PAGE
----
Note : I believe that on every real CPU, putting a MemoryBarrier() there where you want the #StoreLoad would make this code work. This example is actually very similar to the Peterson lock we saw in part 2.

Boiled down, the problem is like this :


A & B initially zero

thread 0 :
    A = 1
    #StoreLoad
    load B

thread 1 :
    B = 1
    #StoreLoad
    load A

It should not be possible for both threads to load 0. Either one or both threads should see a 1. Now if you make both #StoreLoads into atomic_thread_fence(seq_cst) then it works - but not because the fence is a #StoreLoad. It works because the two seq_cst fences must have a definite order against each other in the total order S, and then that provides reference for all the other ops to be "happens before/after" each other.

To be very clear, this code works :


    thread 0:

        A($).store(1,mo_relaxed);
        std::atomic_thread_fence(mo_seq_cst,$);
        r1($) = B($).load(mo_relaxed);

    thread 1:

        B($).store(1,mo_relaxed);
        std::atomic_thread_fence(mo_seq_cst,$);
        r2($) = A($).load(mo_relaxed);

    after :

        r1+r2 == 1 or 2 (never 0)

(BTW this is actually the classic WFMO case in semi-disguise; you're waiting on the two conditions A and B to become true; if two separate threads set the conditions, then at least one should see the joint A && B be true, but that only works with the appropriate #StoreLoad; see this blog post )

But what if we remove the need for one of the threads to have a seq_cst fence :


    thread 0:

        A($).store(1,mo_relaxed);
        std::atomic_thread_fence(mo_seq_cst,$); // #StoreLoad ?
        r1($) = B($).load(mo_relaxed);

    thread 1:

        B($).store(1,mo_relaxed);
        // load A will be after store B via StoreStore release ordering
        r2($) = A($).fetch_add(0,mo_acq_rel);

    after :

        r1+r2 == 1 or 2 (never 0)

Here thread 1 uses an RMW to ensure StoreLoad ordering, so we get rid of the fence. This code no longer works. Now the B.load in thread 0 can hoist above the B.store in thread 1. The reason is that the seq_cst fence in thread 0 is not acting as a StoreLoad any more because it has nothing to synchronize against in the other thread.

Take away : atomic_thread_fence(mo_seq_cst) does NOT really act as a #StoreLoad. It can be used in spots where you need a #StoreLoad, but only in the right situation, eg. if it has the right other stuff to synchronize with.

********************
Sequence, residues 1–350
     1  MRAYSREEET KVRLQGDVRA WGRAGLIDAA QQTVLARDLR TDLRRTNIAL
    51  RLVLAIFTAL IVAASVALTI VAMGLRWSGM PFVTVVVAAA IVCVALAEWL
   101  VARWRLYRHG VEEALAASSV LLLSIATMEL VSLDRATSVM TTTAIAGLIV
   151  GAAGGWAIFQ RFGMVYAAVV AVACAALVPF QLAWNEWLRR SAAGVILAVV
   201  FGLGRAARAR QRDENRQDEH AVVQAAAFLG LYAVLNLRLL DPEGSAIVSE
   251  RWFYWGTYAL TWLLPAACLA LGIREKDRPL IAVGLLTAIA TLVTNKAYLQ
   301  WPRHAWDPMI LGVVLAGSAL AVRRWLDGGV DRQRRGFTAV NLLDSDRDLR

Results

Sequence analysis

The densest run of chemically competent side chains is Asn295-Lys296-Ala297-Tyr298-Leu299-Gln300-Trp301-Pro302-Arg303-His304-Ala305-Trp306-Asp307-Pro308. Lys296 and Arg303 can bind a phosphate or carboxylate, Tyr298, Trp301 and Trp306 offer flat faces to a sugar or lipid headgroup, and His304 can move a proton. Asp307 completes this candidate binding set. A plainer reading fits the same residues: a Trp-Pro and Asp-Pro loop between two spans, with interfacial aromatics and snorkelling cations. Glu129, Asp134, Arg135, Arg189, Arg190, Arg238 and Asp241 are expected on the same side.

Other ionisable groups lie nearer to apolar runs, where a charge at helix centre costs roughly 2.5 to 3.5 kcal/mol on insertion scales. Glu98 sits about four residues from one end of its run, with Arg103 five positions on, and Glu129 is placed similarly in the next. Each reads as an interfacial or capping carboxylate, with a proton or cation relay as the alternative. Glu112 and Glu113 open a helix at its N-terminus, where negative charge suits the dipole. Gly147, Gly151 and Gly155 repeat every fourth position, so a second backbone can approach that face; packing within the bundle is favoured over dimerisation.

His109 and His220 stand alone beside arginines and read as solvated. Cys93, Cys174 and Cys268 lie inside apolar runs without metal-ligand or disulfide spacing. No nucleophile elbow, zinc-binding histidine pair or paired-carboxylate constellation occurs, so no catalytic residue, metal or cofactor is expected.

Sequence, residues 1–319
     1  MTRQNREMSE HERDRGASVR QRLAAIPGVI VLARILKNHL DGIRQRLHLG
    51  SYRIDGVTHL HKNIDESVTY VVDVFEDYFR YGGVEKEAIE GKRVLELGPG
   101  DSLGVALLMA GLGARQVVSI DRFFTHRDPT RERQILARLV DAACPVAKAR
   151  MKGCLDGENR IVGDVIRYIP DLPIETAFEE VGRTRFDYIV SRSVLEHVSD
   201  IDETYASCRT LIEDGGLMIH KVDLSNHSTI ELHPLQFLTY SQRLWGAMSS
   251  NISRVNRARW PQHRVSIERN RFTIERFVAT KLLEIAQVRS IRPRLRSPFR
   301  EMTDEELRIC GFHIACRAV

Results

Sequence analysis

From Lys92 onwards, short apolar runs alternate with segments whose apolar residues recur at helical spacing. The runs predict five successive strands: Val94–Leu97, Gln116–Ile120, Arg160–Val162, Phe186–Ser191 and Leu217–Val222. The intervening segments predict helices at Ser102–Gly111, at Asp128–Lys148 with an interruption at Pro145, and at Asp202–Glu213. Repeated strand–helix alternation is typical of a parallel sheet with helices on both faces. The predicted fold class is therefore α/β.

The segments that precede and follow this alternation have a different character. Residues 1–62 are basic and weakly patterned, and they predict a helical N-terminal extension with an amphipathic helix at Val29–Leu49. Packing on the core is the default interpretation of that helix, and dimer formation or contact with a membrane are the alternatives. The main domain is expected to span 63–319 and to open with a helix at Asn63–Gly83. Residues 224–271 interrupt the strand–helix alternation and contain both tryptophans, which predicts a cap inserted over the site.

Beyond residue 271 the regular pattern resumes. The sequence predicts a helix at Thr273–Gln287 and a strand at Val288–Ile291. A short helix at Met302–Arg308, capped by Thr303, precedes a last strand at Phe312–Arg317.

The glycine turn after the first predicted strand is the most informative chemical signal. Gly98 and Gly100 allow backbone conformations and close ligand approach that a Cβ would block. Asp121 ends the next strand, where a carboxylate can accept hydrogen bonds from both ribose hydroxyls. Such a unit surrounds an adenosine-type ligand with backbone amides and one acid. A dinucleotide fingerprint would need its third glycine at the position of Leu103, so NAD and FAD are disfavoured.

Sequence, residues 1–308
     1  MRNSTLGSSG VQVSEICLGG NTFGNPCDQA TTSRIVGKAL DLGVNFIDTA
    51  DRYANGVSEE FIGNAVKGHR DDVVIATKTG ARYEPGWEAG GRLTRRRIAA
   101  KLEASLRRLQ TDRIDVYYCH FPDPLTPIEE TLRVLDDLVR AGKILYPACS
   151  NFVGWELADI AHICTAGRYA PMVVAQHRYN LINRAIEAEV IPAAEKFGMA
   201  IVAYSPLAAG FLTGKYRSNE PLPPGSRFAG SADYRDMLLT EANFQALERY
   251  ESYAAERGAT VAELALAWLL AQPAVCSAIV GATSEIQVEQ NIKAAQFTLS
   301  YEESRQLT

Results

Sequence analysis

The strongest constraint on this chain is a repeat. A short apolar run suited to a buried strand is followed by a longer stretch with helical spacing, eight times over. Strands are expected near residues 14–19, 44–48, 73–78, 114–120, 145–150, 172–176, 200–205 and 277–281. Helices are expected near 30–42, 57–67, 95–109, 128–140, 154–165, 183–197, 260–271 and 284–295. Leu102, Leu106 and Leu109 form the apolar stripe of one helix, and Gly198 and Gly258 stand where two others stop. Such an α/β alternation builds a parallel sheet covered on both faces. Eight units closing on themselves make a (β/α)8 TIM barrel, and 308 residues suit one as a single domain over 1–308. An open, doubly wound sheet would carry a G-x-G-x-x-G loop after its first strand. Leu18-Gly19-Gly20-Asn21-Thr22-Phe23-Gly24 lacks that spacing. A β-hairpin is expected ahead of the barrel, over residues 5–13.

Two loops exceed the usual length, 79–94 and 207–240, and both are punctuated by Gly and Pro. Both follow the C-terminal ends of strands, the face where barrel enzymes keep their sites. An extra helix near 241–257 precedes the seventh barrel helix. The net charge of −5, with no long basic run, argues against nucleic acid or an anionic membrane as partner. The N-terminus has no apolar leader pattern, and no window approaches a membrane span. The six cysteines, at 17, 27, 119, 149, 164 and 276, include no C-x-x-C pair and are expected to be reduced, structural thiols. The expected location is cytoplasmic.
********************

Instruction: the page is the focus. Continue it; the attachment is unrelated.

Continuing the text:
So, getting back to our futex_mutex example, you can use a seq_cst fence at (*2) to act as your storeload, but only if you also have one at (*1) for it synchronize with :


struct futex_mutex3
{
    std::atomic<int> m_state; // mutex locked flag

    // waitset :
    HANDLE          m_handle; // actual wait event
    atomic<int>     m_count;  // waiter count

    /*************/
                
    futex_mutex3() : m_state(0), m_count(0)
    {
        m_handle = CreateEvent(NULL,0,0,NULL);
    }
    ~futex_mutex3()
    {
        CloseHandle(m_handle);  
    }

    void lock()
    {
        // try to grab the mutex by exchanging in a 1
        //  if it returns 0, we got the lock
        if ( m_state($).exchange(1,rl::mo_acquire) )
        {
            // prepare_wait :
            // add one to waiter count
            m_count($).fetch_add(1,mo_relaxed);
        
            // (*1)
            std::atomic_thread_fence(mo_seq_cst,$);
        
            // double check :
            while ( m_state($).exchange(1,rl::mo_acquire) )
            {
                // wait :
                WaitForSingleObject(m_handle, INFINITE);
            }
            
            // retire_wait :
            m_count($).fetch_add(-1,mo_relaxed);
        }
    }

    void unlock()
    {
        m_state($).store(0,rl::mo_release);

        //notify_one :

        // (*2)
        // need #StoreLoad before loading m_count

        std::atomic_thread_fence(mo_seq_cst,$);

        int c = m_count($).load(mo_acquire);        
            
        if ( c > 0 )
        {       
            SetEvent(m_handle);
        }
    }
};

That is, the two fences allow you to set up a transitive relationship - like the m_count.load in unlock() is definitely after the fence in unlock, the fence in unlock is after the fence in lock, and the fence in lock is after the m_count.fetch_add ; therefore the m_count.load must see count > 0.

Or, alternatively, if you leave the fence out of lock(), you can fix it just in unlock by changing either the store or the load into an RMW :


variant "apple" :

    void unlock()
    {
        // release is for the mutex innards
        m_state($).exchange(0,rl::mo_acq_rel);

        // #StoreLoad is achieved as a #LoadLoad on m_state

        int c = m_count($).load(mo_relaxed);        
            
        if ( c > 0 )